Report No. 165
Implementation of The Right To Education: Recommendations of The Law Commission
6.1. The need for compulsory education for children.-
The Law Commission had prepared a detailed note on free and compulsory education for children together with a draft Bill for a central legislation. In drafting the Bill, the Commission had taken into consideration certain suggestions and comments received by it including those made at the National Conference on Education as a Fundamental Right organised by Pratham on 24th and 25th April, 1998 at New Delhi; and the National Consultation on Right to Education; a strategy to eliminate Child Labour, organised by the Centre for Child and the Law, the National Law School of India University with the support of UNICEF held on 16th and 17th May, 1998 at Bangalore. A copy of the same was forwarded to the Ministry of Human Resource Development, Department of Education, Government of India requesting for views of the Department.
6.1.1. The Law Commission has carefully considered various issues in the light of comments of the Department of Education as well as other available materials. Accordingly, it has come to the following conclusions.
6.1.2. If a Central Legislation is enacted as is being proposed by the Commission, it would not require ratification by the State Legislatures, being a subject falling under Entry 25 of Concurrent List of Seventh Schedule to the Constitution of India. Article 254(1) provides that the law made by Parliament with reference to a concurrent subject shall prevail over a law made by the State Legislature on the same subject irrespective of the fact whether the law made by the Parliament is earlier or subsequent to the State enactment. 1This provision is of course subject to clause (2) of Article 2541.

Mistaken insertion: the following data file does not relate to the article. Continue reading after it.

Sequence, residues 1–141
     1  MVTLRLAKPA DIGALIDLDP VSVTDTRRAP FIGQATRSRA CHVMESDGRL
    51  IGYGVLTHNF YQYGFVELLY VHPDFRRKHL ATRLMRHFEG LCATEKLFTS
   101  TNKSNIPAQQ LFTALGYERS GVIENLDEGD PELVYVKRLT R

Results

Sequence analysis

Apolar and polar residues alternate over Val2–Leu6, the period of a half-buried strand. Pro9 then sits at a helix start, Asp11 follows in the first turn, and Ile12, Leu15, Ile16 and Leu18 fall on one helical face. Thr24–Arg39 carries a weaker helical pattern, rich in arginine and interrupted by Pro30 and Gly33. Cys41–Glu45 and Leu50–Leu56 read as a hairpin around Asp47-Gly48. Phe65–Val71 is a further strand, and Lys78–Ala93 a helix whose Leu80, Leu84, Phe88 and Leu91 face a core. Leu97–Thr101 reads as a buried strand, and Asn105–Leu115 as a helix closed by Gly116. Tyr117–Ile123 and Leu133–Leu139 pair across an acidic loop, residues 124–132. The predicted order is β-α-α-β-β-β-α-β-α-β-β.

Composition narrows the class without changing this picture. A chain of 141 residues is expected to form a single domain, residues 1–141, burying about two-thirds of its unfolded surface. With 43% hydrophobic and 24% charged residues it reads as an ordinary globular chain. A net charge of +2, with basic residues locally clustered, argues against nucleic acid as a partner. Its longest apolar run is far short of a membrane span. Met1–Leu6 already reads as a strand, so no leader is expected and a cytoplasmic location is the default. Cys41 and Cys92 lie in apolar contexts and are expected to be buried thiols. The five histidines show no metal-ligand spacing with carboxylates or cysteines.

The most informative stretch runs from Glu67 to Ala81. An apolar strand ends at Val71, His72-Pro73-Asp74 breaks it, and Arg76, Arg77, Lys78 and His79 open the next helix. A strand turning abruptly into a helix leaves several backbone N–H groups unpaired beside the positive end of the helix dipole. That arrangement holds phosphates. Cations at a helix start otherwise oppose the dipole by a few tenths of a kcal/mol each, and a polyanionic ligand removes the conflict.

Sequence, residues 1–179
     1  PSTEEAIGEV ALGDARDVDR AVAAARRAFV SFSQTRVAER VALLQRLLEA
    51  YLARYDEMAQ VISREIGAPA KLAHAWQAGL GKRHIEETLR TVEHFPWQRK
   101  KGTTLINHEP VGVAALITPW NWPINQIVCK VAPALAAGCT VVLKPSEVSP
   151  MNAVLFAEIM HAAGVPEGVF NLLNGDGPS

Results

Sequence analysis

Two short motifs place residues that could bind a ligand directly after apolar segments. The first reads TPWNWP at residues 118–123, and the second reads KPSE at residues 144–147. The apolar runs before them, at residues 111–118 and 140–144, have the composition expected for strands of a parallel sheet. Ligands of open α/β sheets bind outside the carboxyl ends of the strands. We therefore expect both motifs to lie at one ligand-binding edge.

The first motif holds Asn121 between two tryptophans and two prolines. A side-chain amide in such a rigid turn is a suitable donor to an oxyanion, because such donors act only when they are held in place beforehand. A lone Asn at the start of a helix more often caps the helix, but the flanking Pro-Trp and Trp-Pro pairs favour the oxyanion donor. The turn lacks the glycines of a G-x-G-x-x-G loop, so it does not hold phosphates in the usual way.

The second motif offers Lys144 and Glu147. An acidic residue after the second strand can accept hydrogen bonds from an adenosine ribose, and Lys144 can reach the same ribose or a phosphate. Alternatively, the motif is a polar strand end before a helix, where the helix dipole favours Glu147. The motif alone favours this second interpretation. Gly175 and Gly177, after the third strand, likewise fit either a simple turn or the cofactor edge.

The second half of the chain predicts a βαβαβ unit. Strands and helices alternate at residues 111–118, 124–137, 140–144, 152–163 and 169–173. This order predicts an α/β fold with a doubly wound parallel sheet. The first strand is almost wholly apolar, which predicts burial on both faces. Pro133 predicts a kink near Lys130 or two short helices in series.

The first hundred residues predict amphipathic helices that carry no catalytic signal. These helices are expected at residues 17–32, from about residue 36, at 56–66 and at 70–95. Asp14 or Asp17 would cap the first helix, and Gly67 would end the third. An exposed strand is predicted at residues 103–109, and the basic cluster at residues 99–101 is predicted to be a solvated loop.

6.1.3. A view has been expressed that it may not be feasible to bring the private unaided institutions within the purview of the proposed Bill. In this connection, reference has been made to Article 21A(3) as proposed to be inserted by the Constitution (Eighty-Third Amendment) Bill, 1997 which provides that States shall not make any law for free and compulsory education under clause (2) in relation to the institution not .maintained by States or not receiving aid out of State funds.
6.1.4. The Department of Education may perhaps be right in saying that as of today the private educational institutions which are not in receipt of any grant, or aid from the State, cannot be placed under an obligation to impart free education to all the students admitted into their institutions. However, applying the ratio of Unnikrishnan case, it is perfectly legitimate for the State or the affiliating Board, as the case may be, to require the institution to admit and impart free education to fifty per cent. of the students as a condition for affiliation or for permitting their students to appear for the Government/Board examination.
To start with, the per centage can be prescribed as twenty. Accordingly, twenty per cent. students could be selected by the concerned institution in consultation with the local authorities and the parent-teacher association (see the appended Bill at Annexure A). This proposal would enable the unaided institutions to join the national endeavour to provide education to the children of India and to that extent will also help reduce the financial burden upon the State.